Even in the digital age, you can teach old dogs new tricks.
In 1986, police trained the first dog in the world to sniff out arson with the help of Jack Hubball, who identified accelerants that the canines could focus on. He then moved on to help police train dogs to detect narcotics and bombs.
The chemist's latest trick? Getting dogs to pick up the scent for laptops, digital cameras and those easy-to-conceal USB drives. Devices such as these are often used to stash illegal materials like child pornography, which the FBI says is growing fast. The agency estimates that some 750,000 predators are online at any given moment with victims often found in chatrooms and on social networks.
To crack computer crimes, the 26-year forensics-lab veteran based in Connecticut had to first identify the chemicals associated with electronic-storage devices. Hubball took circuit boards, hard disks and flash drives of computers and tested each component. He narrowed the analysis down to a single common chemical, which police declined to specify or describe.
Two trainers, Mike Real and Mark Linhard, then worked with a couple of dogs who had flunked out of New York City's Guiding Eyes for the Blind program, a black Labrador named Selma and later a golden Labrador named Thoreau. They excelled at this new endeavor.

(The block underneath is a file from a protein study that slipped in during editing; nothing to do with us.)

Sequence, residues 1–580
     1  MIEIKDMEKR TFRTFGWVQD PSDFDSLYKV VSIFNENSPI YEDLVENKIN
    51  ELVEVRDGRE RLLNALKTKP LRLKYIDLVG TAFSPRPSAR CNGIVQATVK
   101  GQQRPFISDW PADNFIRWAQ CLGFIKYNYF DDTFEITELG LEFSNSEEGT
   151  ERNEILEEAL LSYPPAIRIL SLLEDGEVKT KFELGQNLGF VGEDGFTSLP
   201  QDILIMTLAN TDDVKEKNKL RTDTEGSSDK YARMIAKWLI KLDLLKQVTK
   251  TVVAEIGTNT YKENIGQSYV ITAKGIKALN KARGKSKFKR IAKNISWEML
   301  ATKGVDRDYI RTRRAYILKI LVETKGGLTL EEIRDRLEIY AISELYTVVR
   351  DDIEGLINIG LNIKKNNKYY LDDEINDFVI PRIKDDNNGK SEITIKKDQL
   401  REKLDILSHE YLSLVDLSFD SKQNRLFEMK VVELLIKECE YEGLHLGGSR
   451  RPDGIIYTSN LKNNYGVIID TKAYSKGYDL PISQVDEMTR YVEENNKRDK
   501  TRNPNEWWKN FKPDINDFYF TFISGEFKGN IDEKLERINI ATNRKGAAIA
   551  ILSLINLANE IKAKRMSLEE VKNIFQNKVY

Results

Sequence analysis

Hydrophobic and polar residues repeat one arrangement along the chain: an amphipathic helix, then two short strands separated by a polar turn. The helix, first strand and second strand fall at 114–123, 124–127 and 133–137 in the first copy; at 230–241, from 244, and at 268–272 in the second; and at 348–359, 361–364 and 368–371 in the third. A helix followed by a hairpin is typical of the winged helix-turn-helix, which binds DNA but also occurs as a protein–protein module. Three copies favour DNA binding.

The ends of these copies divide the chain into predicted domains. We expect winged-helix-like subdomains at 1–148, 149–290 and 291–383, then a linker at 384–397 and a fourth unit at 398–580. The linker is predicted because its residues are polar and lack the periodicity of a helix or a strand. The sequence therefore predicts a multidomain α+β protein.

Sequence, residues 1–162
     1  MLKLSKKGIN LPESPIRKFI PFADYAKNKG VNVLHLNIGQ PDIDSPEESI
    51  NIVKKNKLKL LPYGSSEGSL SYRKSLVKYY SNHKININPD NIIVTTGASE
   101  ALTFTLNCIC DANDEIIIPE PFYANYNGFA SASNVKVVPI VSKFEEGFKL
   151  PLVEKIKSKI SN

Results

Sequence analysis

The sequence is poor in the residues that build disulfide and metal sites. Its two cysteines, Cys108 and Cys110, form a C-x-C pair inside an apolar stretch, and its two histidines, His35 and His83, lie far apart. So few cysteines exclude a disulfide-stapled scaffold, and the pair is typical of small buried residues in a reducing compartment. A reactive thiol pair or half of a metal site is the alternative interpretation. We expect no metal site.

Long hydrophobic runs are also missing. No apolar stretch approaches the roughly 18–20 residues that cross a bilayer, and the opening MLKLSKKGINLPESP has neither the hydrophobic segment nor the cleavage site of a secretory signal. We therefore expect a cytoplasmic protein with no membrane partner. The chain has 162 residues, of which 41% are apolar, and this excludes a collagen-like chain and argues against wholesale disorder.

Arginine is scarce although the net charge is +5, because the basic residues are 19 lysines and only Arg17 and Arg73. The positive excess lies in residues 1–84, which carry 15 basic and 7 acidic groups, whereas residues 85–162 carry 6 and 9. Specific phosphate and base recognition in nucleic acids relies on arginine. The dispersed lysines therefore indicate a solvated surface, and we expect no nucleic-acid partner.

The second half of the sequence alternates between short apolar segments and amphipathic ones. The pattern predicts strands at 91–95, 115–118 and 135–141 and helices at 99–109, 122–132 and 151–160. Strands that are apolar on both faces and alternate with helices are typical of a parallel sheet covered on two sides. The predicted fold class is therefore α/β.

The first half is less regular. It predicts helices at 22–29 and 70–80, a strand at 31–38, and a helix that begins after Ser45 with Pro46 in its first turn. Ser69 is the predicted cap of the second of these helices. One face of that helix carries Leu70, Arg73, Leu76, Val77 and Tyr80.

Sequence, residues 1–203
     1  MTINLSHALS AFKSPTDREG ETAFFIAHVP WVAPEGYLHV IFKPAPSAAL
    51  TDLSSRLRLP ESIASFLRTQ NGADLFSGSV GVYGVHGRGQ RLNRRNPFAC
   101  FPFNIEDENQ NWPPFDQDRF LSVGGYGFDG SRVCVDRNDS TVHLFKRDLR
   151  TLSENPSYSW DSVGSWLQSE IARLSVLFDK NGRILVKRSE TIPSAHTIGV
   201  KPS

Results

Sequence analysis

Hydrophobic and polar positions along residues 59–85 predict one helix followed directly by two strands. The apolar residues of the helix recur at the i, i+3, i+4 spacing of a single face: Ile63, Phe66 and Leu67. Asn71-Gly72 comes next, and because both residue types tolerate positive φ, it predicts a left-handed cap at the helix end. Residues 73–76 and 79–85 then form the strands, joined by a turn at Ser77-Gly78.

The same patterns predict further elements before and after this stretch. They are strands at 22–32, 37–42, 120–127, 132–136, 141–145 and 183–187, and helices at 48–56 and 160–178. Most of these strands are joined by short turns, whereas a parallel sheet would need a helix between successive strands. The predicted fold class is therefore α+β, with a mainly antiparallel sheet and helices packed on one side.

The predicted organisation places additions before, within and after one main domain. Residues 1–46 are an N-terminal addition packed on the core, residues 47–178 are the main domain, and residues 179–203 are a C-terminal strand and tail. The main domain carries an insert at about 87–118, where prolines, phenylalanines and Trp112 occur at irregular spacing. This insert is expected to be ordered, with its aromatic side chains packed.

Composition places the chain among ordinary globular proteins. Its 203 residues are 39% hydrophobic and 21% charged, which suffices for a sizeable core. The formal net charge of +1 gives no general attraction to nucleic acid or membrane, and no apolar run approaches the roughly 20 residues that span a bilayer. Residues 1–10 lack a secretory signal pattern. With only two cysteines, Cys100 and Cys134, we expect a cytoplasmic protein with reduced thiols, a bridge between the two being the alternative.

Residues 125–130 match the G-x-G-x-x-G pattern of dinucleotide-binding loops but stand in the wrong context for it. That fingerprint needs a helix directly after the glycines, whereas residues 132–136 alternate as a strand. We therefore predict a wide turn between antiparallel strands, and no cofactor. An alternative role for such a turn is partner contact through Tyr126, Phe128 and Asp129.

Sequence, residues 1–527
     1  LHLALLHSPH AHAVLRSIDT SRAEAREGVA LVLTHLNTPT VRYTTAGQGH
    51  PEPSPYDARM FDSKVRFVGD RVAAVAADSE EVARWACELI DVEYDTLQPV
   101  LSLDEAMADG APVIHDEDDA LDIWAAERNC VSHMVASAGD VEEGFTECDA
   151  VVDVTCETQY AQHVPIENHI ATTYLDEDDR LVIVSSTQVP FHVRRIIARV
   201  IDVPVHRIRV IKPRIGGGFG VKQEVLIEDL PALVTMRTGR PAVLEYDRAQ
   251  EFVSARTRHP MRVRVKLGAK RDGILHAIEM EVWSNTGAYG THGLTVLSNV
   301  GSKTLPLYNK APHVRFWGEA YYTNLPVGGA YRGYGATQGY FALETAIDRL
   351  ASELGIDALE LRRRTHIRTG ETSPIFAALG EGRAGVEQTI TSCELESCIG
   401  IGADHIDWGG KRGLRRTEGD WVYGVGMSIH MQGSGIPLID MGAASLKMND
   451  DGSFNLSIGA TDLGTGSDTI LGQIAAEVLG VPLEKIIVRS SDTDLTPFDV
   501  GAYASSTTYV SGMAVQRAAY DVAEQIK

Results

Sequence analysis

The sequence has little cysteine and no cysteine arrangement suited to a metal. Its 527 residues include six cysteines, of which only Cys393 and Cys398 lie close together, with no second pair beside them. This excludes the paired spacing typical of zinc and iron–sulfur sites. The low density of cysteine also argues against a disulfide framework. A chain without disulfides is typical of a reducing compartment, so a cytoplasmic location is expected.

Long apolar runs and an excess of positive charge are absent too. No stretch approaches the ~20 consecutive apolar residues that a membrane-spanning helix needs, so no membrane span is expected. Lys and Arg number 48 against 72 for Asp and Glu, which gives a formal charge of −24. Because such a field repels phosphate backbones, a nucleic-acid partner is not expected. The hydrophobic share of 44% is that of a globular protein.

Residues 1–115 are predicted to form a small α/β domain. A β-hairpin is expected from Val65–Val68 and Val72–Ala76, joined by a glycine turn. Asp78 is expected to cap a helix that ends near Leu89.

After months of training, the dogs were able to detect the odor of the chemical in people's hands, concrete blocks, metal boxes and clothing. The dogs also had to ignore distracting smells such as food and coffee.
"Selma has found many devices such as digital cameras with flash cards, USB drives and external drives," says Detective George Jupin of the Connecticut State Police's Computer Crimes Unit, who is now Selma's handler. "The evidence she finds has furthered investigations."
Since going on her first assignment in October 2013, Selma has been involved in more than 50 search warrants with local and state police, as well as the FBI, Jupin says. In one search, Selma discovered a memory card buried in a drawer inside a sewing machine. Material on the card led investigators to establish links between a suspect and the victims.
While most of the material found by Selma is child pornography, she's also located fraudulent documents and assisted on a homicide where the suspect used software to find information on firearms. Jupin says her work has led to a number of arrests. The other dog, Thoreau, joined the Rhode Island State Police, carrying out the same work.
Another training class for five more dogs will probably be held soon because many agencies have expressed interest, Jupin says.
Meanwhile, Hubball has moved on to his next challenge: identifying the unique compound in liquid crystal displays, which would be used to sniff out the LCD screens on hidden smartphones.